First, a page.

The grid art is interesting though rather busy. In SOOTH, I quite enjoyed this. Thanks, Matthew and Jeff.

Fan of the puzzle 12:56 PM  

@mathgent-My sentiments exactly! This was a very fun puzzle and my only complaint is that I flew through it! Funny, when I saw GIFTOFGAG I thought it might be a new term that a person is “gross” or talks about yucky things...“That guy really has the gift for gag.”
@David, you also took the words out of my mouth with FIAT, and add to that another term “judicial fiat.” I’m not sure what people are learning in law schools today, but I think it would be good if all law schools required prospective students to work for two years after undergrad before they can be admitted.

Bax'N'Nex 1:09 PM  

Are we sure Mike didn't write this blog today? We all know he would have hated it...mostly because Jeff Chen was the constructor. I'd love to see Jeff and Bruce Haight collaborate on a puzzle that Will Shortz edited. Mikey's head would explode.

Happy Thanksgiving everyone!


Anonymous 1:12 PM  

NAN instead of naan is truly unacceptable.

Anonymous 1:15 PM  

It's not gift of gag, it's gag gift.

Unknown 1:17 PM  

Yikes! The level of complaining is pretty high for what was a fairly clever puzzle. The 3s didn't bother me. Thd only thing I questioned was the spelling of NAN.

Birchbark 1:50 PM  

@David (10:17) and @Anon (11:44) -- I like your thinking even if I vaguely sense some stretching to make a specific point. I view the possibilities of new currencies as more open-ended. But rather than debate (viz., risk devolving into right vs. left trenches and away from all that is virtuous), I recommend some novels, which strike me as exactly in your wheelhouse.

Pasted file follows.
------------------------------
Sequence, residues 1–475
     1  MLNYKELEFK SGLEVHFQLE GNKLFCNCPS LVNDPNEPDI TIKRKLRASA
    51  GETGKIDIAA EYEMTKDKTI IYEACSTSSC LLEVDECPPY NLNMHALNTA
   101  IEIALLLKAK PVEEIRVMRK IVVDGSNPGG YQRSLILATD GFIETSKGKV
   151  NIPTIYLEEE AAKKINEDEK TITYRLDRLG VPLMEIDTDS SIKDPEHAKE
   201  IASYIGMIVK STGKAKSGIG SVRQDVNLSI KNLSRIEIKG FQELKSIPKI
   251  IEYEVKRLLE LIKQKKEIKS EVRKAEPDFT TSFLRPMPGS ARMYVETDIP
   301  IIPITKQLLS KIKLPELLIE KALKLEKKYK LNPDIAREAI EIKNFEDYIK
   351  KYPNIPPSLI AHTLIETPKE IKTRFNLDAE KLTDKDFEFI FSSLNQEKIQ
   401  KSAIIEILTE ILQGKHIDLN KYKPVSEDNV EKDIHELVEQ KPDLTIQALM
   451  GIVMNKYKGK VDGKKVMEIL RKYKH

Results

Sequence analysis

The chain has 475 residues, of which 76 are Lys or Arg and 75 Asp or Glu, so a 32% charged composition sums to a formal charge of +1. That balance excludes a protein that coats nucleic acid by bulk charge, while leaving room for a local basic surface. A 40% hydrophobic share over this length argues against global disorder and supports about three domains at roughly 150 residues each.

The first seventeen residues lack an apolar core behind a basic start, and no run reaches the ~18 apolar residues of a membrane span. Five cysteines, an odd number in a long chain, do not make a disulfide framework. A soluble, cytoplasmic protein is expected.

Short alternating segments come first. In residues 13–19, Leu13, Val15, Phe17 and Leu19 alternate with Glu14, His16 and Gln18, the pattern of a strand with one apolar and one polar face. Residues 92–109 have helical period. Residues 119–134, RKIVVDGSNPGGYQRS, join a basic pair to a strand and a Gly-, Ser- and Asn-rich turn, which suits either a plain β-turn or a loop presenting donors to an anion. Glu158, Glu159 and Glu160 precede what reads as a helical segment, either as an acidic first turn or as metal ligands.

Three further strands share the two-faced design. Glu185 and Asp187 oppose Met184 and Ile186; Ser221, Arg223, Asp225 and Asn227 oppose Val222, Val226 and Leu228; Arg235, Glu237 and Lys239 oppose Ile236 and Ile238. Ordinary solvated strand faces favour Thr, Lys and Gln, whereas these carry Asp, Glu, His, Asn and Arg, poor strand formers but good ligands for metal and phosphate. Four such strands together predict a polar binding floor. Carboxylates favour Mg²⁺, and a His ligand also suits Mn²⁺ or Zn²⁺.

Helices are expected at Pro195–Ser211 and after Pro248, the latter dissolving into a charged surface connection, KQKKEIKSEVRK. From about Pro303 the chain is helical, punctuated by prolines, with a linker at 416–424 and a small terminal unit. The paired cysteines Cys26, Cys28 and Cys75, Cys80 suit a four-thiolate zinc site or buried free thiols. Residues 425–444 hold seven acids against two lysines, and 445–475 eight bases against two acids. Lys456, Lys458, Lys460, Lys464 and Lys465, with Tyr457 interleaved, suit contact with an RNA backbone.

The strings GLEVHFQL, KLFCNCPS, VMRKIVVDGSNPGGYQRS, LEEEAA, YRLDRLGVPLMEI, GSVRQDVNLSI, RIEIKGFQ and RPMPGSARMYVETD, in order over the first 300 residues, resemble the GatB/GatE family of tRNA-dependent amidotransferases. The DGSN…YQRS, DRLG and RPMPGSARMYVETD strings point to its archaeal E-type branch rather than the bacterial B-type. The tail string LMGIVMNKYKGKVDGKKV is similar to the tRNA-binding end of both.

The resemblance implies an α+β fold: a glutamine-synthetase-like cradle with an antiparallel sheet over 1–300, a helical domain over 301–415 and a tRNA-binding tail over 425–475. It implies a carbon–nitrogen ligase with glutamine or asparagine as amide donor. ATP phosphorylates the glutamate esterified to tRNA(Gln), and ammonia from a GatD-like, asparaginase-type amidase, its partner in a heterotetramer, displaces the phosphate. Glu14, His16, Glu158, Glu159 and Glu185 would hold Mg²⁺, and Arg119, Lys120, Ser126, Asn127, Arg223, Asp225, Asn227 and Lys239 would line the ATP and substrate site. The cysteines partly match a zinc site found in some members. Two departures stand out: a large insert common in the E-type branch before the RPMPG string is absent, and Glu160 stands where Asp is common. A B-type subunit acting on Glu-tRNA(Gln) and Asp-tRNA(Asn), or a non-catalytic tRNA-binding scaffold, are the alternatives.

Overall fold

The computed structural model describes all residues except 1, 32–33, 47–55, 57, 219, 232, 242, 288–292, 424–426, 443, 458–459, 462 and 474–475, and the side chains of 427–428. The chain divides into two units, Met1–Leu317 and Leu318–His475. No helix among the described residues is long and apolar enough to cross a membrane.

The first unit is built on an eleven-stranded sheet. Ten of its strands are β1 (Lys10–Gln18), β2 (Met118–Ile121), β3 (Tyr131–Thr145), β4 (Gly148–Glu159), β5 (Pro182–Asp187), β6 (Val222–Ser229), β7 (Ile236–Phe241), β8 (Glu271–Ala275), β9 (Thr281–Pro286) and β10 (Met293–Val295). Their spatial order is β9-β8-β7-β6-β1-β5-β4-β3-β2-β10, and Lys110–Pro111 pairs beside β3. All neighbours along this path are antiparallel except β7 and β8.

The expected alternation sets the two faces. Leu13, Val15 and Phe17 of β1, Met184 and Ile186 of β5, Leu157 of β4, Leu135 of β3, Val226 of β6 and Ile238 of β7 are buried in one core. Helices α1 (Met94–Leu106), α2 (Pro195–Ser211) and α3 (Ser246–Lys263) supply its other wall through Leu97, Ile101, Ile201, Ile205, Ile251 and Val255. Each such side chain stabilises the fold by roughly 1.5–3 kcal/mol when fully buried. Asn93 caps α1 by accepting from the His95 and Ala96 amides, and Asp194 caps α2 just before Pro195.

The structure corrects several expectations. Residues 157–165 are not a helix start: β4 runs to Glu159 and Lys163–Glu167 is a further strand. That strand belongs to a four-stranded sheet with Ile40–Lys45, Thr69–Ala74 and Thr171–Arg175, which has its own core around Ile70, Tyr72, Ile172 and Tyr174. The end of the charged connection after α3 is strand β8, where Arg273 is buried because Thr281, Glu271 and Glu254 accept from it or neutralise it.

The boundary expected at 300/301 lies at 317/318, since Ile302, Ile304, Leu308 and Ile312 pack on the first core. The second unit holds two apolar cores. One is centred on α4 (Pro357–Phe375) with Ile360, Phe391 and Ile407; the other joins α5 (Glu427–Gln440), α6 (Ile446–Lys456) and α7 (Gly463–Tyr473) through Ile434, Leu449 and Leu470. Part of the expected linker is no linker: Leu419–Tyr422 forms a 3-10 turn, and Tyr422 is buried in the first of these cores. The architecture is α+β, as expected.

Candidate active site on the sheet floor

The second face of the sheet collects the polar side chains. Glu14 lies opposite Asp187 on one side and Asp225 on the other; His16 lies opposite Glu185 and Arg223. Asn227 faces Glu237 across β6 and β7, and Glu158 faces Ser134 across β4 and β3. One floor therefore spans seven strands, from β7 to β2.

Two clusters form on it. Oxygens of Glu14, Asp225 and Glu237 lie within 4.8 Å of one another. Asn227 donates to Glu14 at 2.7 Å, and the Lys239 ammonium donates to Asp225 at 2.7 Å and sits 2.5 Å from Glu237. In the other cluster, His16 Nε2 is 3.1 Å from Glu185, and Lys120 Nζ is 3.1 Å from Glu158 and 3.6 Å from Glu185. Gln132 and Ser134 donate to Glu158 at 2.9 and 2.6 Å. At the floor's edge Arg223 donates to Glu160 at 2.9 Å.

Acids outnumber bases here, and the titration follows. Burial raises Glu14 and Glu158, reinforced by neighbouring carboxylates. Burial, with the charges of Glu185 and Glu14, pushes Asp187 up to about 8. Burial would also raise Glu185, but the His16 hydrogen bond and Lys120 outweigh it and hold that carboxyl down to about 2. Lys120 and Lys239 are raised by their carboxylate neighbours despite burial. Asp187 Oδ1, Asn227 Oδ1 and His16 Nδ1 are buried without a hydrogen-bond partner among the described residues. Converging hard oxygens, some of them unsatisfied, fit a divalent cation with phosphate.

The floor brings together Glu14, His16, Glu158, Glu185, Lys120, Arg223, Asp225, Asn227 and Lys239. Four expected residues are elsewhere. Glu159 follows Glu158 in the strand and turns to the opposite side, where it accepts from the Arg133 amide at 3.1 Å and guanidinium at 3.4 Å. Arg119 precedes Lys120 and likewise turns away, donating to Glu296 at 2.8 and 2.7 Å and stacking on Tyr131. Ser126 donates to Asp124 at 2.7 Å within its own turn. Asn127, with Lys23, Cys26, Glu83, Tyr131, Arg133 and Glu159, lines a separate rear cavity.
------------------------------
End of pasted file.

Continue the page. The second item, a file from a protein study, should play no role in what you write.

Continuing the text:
If you are interested in the evolution of specie woven into a broader history of science and ideas + swashbuckling, derringdo, etc., Neal Stephenson's fictional trilogy "The System of the World" (covering 1660s - 1714) is well worth the 3000 page investment. Also his novel Cryptomicon, set in WWII and the 1990s. These books explore the concept of money, intellect and government in an instructive and (to me) very entertaining way.

Then go back and read the chapter "Economy" in Walden, and you'll have all ye need to know.

tea73 2:02 PM  

I wasn't tripped up by NAN because it appears all too regularly. I thought the SEED spread out over four pots was cute. However I was somewhat taken aback by how those herbs levitated over their seeds. I actually didn't mind most of those threes. Definition for RHO was particularly cute. A nice little HAH (not aha for once) moment when I realized what the aboriginal art appeared on. I had GAb before GAG, otherwise pretty much flew through this thing.

Alternate NANs: